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Cartographic Cinema

Tom Conley
Copyright Date: 2007
Edition: NED - New edition
Pages: 336
https://www.jstor.org/stable/10.5749/j.ctttv9qt
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  • Book Info
    Cartographic Cinema
    Book Description:

    Maps and movies tell their viewers where they are situated, what they are doing, and, to a strong degree, who they are. In this groundbreaking work, eminent scholar Tom Conley establishes the ideological power of maps in classic, contemporary, and avant-garde cinema to shape the imaginary and mediated relations we hold with the world.

    eISBN: 978-0-8166-9598-0
    Subjects: Film Studies

Table of Contents

  1. Front Matter
    (pp. i-iv)
  2. Table of Contents
    (pp. v-vi)
  3. Acknowledgments
    (pp. vii-viii)
  4. Introduction
    (pp. 1-22)

    Maps appear in most of the movies we see. Even if a film does not display a map as such, by nature it bears an implicit relation with cartography. A map we see in a film may concern locale, if the film is a documentary, or, if it tells a story, an itinerary. It may belong to the places in which a viewer experiences a film. Like an intertitle or a sign that tells us where the film is taking place, what it is doing, or where its characters are going, a map in a movie provides information; it whets...

  5. 1 Icarian Cinema: Paris qui dort
    (pp. 23-39)

    Michel-Etienne Turgot’s great map of Paris, details of which often decorate the walls of hotels and travel agencies, was completed in 1739. Composed of a key map and followed by nineteen folios on which are printed as many detailed views, the sum is an overview of an unreal city. The viewer of this first modern city-view would be looking at agglomerations of buildings and streets around the Île-de-la-Cité and the right and left banks from an altitude of not much more than a kilometer, roughly that of a hot-air balloon or else a perch near the top of the Eiffel...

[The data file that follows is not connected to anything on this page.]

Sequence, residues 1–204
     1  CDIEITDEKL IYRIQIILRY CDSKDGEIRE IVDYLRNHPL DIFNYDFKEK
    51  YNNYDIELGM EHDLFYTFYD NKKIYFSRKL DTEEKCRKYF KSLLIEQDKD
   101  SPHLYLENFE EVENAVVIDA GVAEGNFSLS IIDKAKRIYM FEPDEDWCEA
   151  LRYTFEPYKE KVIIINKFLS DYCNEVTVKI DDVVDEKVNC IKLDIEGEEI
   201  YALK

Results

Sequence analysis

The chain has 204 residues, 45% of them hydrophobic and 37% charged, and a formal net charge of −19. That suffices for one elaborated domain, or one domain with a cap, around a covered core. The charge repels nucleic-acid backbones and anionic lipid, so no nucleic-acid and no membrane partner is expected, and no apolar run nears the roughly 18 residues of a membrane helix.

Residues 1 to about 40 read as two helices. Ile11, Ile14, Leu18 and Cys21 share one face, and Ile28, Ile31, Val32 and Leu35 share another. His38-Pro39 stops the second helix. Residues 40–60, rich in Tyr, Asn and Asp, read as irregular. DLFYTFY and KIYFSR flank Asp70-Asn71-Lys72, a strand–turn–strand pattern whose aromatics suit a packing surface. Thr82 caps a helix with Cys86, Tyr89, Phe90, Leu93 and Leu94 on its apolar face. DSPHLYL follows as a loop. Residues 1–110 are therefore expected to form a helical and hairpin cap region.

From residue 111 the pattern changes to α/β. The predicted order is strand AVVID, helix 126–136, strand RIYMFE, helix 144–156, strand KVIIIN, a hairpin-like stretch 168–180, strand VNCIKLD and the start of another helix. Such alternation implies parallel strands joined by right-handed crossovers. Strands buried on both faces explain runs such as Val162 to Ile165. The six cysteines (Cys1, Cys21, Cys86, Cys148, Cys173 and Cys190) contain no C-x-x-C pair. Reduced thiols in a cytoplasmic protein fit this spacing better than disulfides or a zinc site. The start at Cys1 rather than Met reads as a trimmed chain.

6. 2 Jean Renoir: Cartographies in Deep Focus
    (pp. 40-64)

    The viewer ofParis qui dortquickly discerns how the film uses mapping to develop its play on time, motion, and stasis. The film reflects on agencies of control where cinema and cartography are in concert. Viewers of Jean Renoir’s cinema know that the director shares similar views about the power of the medium. His films become venues for extensive study of cartography, space, and subjectivity. Maps appear in them at crucial junctures, often in ways where their presence in one feature calls attention to different and sometimes inverse expression in others. It can be said that with maps the...

  7. 3 Maps and Theaters of Torture: Roma, città aperta
    (pp. 65-82)

    The evidence accumulated in the preceding chapter reconfirms a point obvious to adepts of auteur theory. In one way or another director are auteurs by virtue of cartography found both within each of their films and that runs across many others of their signature. Cartography is not equated with an author’s “vision of the world” or of an oeuvre whose sum would be greater than any or all of its constituent topographies. The auteur merits the name because of a cartographic consciousness seen in maps shown or in shots and montage taken to be deciphered as maps. Such was the...

  8. 4 A Desperate Journey: From Casablanca to Indiana Jones
    (pp. 83-105)

    We have seen that the impact ofRoma, città apertadepends in part upon its affiliation with classical cinema. Upon cursory glance the maps in the antechamber seem to be there as by nature or else by virtue of the realistic effects they bring to the décor. Rossellini’s cinema is generally crafted from classical models that it tends to fracture or sublate into a style and form of its own. To see better how maps figure in the style Bazin affirmed retrospectively, in the postwar years, that had in 1939 “reached what geographers calls the profile of equilibrium of a...

  9. 5 Juvenile Geographies: Les Mistons
    (pp. 106-124)

    In his copiousCosmographie universelle(1575), a work of textual compilation, city-views, and local maps of the world at large, François de Belleforest carefully describes the topography and ancient monuments of southern France. He includes a double-fold image of the Pont du Gard, a great Roman aqueduct that arches over the limpid waters of the River Gard that flows from the Cévennes into the Rhône south of Avignon. On either side abrupt escarpments of rock anchor the bridge that counts three superimposed arcades of six, eleven, and thirty-three rounded arches. A few perpends of the upper cornice are chinked; stones...